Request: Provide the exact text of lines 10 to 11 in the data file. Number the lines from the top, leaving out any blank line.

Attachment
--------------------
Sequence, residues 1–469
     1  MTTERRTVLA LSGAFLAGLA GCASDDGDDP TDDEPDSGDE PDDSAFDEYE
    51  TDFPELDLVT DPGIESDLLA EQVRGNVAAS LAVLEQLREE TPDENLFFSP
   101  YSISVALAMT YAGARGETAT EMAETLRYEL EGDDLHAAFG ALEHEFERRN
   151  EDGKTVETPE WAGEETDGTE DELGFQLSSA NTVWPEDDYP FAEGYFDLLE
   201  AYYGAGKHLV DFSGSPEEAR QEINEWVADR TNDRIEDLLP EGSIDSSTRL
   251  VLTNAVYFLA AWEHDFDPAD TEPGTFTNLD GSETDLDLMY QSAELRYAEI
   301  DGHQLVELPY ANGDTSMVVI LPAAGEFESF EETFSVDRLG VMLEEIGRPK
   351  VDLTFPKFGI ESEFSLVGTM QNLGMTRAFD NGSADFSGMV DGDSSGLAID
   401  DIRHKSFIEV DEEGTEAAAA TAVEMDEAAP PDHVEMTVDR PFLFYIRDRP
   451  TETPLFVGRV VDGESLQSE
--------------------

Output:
   401  DIRHKSFIEV DEEGTEAAAA TAVEMDEAAP PDHVEMTVDR PFLFYIRDRP
   451  TETPLFVGRV VDGESLQSE